How Global Citizens & Activists Spurred South Africa to Improve Menstrual Health in Over 5,000 Schools

Authors: Mbali Kgame, Lerato Mogoatlhe and Imogen Calderwood


When we think of the issues that limit the potential of women and girls around the world, we often think of being denied an education, of not being allowed their independence, of being refused access to employment. 

But it’s also as simple as not being able to access period products, something that so many people take for granted; or lacking safe, private, and dignified bathrooms at schools; or struggling with period stigma, which turns something as natural as a period into a source of shame and discomfort, and knocks down girls’ confidence. 

All of these factors can have a huge impact both on students’ access to education and later to employment, as well as their mental and physical health.

“Girls get their periods at such a crucial time in their lives, at a time when feeling confident and healthy can make a huge difference to a girl’s ability to access and take on opportunities,” says Talia Fried, Global Citizen’s global policy & government affairs manager and leader of its water, sanitation, hygiene, and menstrual health campaigning. 

“Education is a human right and is so deeply fundamental to a girl’s economic opportunities, health, and confidence,” Fried adds. “It helps her avoid child marriage, abuse, and instead supports her in becoming everything she wants to be.” 

According to the UN's Water Supply and Sanitation Collaborative Council (WSSCC) — which conducts in-country programmes to support good menstrual health — the common narrative shared by women and girls in countries across sub-Saharan Africa is that "lack of information leads to increased stigma, discrimination, and immobility during menstruation." 

"Some girls are unaware of safe and hygienic sanitary material options and resort to using unsafe materials that could pose potential health risks to them causing infections, smell, and discomfort," Virginia Kamowa, the WSSCC's technical expert on menstrual hygiene management (MHM), told Global Citizen. 

But there are solutions to the issues surrounding menstrual hygiene management. 

First, period products need to be more accessible for everyone. Second, they also need to be affordable. Third, girls and boys need to be educated about periods. Fourth, students need access to bathrooms that are properly equipped with private and safe toilets, handwashing facilities, and waste management so they can manage their periods while at school. 

In South Africa, as with the rest of the world, these requirements should be basic human rights — and yet, many young students all over the country are unable to go to school during their periods, or pay attention during class while menstruating due to anxiety and shame as a result of the deep stigmatisation of menstruation. 

This is why grassroots activists and partners in South Africa asked Global Citizen to support their work by helping amplify their voices and campaigning efforts on menstrual health — and why Global Citizen agreed to take on the challenge.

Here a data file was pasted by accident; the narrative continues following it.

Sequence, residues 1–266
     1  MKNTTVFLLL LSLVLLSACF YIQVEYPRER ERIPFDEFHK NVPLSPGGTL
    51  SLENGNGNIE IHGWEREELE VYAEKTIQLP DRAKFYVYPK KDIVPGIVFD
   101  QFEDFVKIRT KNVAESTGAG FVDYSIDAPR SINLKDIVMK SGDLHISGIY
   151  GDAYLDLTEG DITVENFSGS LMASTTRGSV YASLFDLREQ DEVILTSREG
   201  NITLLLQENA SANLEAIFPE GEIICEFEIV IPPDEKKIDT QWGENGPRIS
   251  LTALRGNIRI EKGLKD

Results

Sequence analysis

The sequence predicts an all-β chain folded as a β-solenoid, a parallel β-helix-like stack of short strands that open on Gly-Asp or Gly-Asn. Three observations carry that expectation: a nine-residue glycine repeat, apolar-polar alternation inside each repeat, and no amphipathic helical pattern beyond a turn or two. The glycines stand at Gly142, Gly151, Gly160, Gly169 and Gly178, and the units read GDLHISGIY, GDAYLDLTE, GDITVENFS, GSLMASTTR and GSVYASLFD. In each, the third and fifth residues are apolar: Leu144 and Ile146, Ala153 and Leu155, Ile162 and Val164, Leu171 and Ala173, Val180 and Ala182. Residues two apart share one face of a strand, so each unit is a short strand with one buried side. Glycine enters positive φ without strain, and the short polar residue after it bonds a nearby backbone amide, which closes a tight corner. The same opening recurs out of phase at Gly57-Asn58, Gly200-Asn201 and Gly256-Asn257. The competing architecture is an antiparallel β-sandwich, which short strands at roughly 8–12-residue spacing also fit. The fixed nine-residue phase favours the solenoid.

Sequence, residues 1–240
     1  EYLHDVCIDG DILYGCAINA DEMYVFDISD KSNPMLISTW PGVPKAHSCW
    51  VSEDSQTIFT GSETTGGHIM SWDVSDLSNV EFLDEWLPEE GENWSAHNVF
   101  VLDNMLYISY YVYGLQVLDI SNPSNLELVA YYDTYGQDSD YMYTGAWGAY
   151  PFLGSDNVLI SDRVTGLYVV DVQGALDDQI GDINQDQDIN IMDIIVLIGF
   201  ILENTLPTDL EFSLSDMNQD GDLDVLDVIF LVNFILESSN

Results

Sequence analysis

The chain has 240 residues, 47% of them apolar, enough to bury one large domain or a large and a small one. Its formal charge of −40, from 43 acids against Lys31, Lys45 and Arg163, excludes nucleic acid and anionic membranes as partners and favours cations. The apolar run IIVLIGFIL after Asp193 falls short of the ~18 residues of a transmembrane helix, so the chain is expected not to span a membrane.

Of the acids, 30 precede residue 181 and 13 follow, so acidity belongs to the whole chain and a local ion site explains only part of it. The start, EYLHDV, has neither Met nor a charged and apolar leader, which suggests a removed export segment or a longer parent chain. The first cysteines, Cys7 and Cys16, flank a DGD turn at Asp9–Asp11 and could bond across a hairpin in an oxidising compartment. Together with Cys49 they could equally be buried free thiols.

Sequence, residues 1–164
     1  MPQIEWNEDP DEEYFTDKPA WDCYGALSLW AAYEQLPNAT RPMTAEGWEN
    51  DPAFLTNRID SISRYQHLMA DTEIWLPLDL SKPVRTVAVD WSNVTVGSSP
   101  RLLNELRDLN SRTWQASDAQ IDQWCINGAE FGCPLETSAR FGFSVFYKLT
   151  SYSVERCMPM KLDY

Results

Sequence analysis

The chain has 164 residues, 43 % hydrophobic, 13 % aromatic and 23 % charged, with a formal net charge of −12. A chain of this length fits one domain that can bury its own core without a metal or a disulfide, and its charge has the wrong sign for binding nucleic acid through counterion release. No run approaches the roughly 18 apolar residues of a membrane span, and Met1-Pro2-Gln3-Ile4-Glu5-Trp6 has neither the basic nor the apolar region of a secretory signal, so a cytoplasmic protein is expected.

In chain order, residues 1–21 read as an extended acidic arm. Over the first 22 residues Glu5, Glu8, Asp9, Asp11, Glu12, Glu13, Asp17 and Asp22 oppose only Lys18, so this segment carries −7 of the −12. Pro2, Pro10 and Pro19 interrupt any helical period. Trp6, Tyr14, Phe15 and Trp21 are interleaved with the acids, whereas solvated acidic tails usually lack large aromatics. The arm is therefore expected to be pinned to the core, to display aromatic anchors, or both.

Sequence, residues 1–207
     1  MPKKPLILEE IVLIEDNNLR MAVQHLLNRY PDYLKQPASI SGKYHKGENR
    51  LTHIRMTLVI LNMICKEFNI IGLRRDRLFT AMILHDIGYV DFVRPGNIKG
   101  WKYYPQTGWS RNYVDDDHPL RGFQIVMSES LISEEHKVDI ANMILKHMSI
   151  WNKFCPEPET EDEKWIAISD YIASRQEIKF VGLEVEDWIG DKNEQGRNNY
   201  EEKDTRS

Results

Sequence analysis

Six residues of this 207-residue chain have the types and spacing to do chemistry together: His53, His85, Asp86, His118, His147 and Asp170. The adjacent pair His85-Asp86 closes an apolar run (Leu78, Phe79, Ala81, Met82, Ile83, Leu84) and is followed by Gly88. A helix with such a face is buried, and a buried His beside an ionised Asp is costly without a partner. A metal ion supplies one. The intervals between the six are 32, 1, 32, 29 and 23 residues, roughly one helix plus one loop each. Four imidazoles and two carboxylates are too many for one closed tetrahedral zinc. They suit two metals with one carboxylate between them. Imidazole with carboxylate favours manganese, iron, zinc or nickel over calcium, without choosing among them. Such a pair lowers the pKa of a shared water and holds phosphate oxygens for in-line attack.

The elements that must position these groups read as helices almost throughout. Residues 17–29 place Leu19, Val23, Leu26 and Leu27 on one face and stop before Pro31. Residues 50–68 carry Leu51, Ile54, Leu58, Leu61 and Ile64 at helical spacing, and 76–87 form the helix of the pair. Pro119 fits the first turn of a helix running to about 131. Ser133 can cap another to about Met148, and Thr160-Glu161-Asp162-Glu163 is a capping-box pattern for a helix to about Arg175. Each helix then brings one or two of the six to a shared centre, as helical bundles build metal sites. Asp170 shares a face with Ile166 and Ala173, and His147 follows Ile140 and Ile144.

Students in Grade 7 leave with a menstrual health pack after and educational talk about menstruation and female reproductive system at a primary school in Durban.
Students in Grade 7 leave with a menstrual health pack after and educational talk about menstruation and female reproductive system at a primary school in Durban.
Image: Stefan Heunis/AFP/Getty

I. A President Speaks 

For years, campaigners and activists all over South Africa have been fighting to improve menstrual hygiene management and bring an end to the difficulties that menstruation can bring for women and girls across the country. 

Back in 2011, it seemed like things were about to get better when former President Jacob Zuma used his State of the Nation address to highlight the need for everyone to be able to access menstrual products. 

“Given our emphasis on women’s health, we will broaden the scope of reproductive health rights and provide services related to, amongst others, contraception, sexually transmitted infections, teenage pregnancy, and sanitary towels for the indigent,” he said. 

The cost of menstrual products can be a huge burden for low-income women and girls in South Africa. The average tampon in South Africa costs about R1.50 — meaning that a woman will spend about R16,500 ($1,130) on them in her lifetime. A pack of 10 sanitary pads costs about R18 — about R19,800 ($1,370) over a lifetime. 

And while several provinces had already taken the lead in providing free sanitary pads in schools, additional funding from the government would mean even more provinces could follow suit. 

For Dr. Okito Wedi, a medical doctor who joined Global Citizen in August 2018 to manage policy in South Africa, Zuma’s 2011 State of the Nation address was a real turning point in the fight to ensure that South Africans are able to access menstrual products.

“It put menstrual health on the agenda, and highlighting this issue on a state-level platform was crucially important,” Wedi says. “I think it was appreciated from all parties within the space as an important moment.

“Particularly as it was coming from a man as well,” she adds. “And within his role as president at the time, I think it was incredibly encouraging.”